# When $k = \mathbb{F}_q$ finite field, $X$ always has $k$-rational point, and so $A \simeq X$?

Let $k$ be an arbitrary field. Let $(A, e)$ be an abelian variety over $k$, and let $X$ be a torsor for $A$, i.e. $X$ is a proper smooth $k$-variety, and there is an $A$-action acting $:A \times X \to X$ such that for any $k$-scheme $L$ and a point $x \in X(L)$, the induced "orbit" map $A_L \to X_L$ given by $a \mapsto a + x$ is an isomorphism. When $k = \mathbb{F}_q$ is a finite field, how do I see that $X$ always has a $k$-rational point, and thus $A \simeq X$?

This is a theorem of Lang's from 1956. Here's an online document giving a proof (in the form $H^1(A,k)=0$):

Lecture 14: Galois Cohomology of Abelian Varieties over Finite Fields, William Stein. http://wstein.org/edu/2010/582e/lectures/582e-2010-02-12/582e-2010-02-12.pdf

Stein notes that there is a "more modern proof" in the first few sections of Chapter VI of Serre's Algebraic Groups and Class Fields.

The original article is Serge Lang, "Abelian varieties over finite fields," Proceedings of the National Academy of Sciences 41.3 (1955): 174-176. It is available at http://www.pnas.org/content/41/3/174.short. It's very short, but phrased in the "old-style" Weil language of algebraic geometry.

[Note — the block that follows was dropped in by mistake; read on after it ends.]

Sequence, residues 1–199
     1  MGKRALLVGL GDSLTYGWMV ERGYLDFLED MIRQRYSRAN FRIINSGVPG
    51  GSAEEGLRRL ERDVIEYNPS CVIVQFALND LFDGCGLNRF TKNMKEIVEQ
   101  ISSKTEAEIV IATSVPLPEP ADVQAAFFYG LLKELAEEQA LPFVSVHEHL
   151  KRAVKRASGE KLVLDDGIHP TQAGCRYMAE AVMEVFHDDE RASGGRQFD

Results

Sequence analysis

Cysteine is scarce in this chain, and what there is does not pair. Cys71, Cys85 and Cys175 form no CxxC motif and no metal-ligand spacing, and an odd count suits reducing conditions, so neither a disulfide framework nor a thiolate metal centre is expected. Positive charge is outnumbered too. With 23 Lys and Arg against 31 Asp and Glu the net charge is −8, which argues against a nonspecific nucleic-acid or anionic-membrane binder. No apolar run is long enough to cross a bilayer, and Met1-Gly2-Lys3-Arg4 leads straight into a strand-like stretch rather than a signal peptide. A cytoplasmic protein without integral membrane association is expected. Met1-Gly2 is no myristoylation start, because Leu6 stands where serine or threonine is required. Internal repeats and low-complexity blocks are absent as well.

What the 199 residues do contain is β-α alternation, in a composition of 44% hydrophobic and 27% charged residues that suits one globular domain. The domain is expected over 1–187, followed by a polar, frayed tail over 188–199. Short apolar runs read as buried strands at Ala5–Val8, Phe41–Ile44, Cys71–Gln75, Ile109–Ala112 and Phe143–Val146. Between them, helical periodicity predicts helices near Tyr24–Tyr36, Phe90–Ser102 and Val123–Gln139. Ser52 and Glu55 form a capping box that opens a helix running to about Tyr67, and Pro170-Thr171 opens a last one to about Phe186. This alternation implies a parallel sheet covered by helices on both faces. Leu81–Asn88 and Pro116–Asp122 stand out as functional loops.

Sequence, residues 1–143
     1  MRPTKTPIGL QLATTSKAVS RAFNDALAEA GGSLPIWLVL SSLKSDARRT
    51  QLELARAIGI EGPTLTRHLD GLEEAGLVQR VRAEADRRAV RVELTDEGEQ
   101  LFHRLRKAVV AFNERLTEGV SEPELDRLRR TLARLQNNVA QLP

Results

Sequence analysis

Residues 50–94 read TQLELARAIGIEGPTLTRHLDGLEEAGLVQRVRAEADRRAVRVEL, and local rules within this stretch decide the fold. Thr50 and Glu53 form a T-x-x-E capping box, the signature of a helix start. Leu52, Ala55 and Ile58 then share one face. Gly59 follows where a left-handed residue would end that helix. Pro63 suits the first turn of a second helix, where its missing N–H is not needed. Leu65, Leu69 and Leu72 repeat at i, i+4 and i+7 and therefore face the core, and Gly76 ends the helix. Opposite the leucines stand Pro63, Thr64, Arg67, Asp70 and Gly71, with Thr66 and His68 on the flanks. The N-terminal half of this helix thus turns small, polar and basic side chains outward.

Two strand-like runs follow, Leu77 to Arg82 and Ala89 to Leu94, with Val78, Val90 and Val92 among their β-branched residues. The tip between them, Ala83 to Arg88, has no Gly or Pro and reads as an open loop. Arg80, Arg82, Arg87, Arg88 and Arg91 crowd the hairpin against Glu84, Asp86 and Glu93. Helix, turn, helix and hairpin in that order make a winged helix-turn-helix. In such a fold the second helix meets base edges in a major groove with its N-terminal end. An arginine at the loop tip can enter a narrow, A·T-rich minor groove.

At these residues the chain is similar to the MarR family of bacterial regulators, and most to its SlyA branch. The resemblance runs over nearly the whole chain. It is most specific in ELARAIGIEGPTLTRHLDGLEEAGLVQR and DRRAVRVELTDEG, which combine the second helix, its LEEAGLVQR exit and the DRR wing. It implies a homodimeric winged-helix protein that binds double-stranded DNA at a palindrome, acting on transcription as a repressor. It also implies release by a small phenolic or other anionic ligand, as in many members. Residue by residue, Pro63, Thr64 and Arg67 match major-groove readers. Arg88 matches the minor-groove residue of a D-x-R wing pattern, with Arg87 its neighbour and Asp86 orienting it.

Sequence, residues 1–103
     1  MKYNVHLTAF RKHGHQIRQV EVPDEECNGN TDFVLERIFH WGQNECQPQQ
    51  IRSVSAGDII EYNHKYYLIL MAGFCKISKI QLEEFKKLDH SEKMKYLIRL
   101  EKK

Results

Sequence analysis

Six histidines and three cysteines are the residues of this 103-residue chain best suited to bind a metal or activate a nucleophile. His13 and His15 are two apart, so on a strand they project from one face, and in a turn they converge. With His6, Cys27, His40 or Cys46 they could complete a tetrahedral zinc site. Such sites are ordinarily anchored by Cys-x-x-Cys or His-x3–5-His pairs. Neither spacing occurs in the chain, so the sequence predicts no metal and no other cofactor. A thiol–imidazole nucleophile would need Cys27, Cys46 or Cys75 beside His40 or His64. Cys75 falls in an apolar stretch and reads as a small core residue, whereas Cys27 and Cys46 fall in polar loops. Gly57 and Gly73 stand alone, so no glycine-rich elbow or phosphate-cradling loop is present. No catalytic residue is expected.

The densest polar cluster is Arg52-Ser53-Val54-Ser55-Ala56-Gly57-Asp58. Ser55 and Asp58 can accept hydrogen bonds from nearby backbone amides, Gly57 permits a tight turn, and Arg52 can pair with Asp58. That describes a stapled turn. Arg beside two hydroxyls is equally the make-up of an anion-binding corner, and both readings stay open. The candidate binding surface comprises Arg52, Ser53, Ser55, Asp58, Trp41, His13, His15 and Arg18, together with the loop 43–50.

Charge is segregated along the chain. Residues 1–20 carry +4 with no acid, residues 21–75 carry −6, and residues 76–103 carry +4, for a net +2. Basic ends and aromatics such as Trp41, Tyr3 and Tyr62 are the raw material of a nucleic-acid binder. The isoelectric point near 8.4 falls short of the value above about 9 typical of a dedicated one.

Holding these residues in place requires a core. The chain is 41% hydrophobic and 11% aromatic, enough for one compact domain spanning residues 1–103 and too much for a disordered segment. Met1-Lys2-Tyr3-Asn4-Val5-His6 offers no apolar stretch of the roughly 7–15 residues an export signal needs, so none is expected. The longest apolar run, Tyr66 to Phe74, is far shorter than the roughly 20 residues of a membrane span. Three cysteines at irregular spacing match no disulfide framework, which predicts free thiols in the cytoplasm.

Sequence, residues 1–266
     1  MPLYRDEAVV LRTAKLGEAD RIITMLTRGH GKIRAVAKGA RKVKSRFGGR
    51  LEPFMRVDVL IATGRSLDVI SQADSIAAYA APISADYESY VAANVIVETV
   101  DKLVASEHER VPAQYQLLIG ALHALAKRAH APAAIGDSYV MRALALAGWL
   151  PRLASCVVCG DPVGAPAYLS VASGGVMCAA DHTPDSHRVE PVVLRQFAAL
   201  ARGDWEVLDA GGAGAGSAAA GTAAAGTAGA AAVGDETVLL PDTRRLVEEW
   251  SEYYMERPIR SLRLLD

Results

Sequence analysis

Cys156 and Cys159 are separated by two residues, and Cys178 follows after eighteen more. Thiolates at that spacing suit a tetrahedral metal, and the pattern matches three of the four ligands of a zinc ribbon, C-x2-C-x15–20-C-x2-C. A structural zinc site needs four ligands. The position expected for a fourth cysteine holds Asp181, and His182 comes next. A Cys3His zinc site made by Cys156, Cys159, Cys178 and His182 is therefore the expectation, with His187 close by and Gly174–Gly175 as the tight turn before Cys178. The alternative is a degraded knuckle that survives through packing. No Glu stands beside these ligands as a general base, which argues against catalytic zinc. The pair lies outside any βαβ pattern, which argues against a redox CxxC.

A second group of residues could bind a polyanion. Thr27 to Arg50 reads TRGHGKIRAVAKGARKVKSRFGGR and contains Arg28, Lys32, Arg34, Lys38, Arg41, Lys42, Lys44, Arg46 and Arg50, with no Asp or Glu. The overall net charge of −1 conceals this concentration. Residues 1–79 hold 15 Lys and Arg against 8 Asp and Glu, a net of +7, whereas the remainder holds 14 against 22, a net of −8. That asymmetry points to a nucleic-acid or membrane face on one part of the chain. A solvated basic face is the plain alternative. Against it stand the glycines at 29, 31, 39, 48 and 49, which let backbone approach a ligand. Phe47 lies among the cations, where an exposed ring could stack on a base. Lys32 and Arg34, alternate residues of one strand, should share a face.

Here's a quick sketch of a proof with $k=\mathbb F_q$. Choosing a point of $X(\overline{k})$, we can make $X$ into an abelian variety over $\overline{k}$. Then the $q$-power Frobenius map $\phi_q:X\to X$ is the composition of an isogeny and a translation, say $\phi_q(x)=f(x)+x_0$ with $f:X\to X$ an isogeny (defined over $\overline{k}$) and $x_0\in X(\overline{k})$. The fact that $\phi_q$ is inseparable implies that $f$ is inseparable, and hence $(1-f)^*$ acts as the identity map on differentials. Thus $1-f$ has finite kernel, so it is surjective, and thus there is a point $x_1\in X(\overline k)$ satisfying $(1-f)(x_1)=x_0$. This implies that $\phi_q(x_1)=x_1$, and hence that $x_1\in X(k)$.

A bit of overkill, but it follows from the Weil conjectures. The structure of cohomology ($H^i = \wedge^i H^1$) is computed over the algebraic closure and it follows that the number of points is $\prod(\alpha_i-1)$ where the $\alpha_i$ are the eigenvalues of Frobenius on $H^1$ so $|\alpha_i| = q^{1/2}$ and the product is therefore not zero.

This is a theorem of Serge Lang, proved in a paper called "Abelian varieties over finite fields".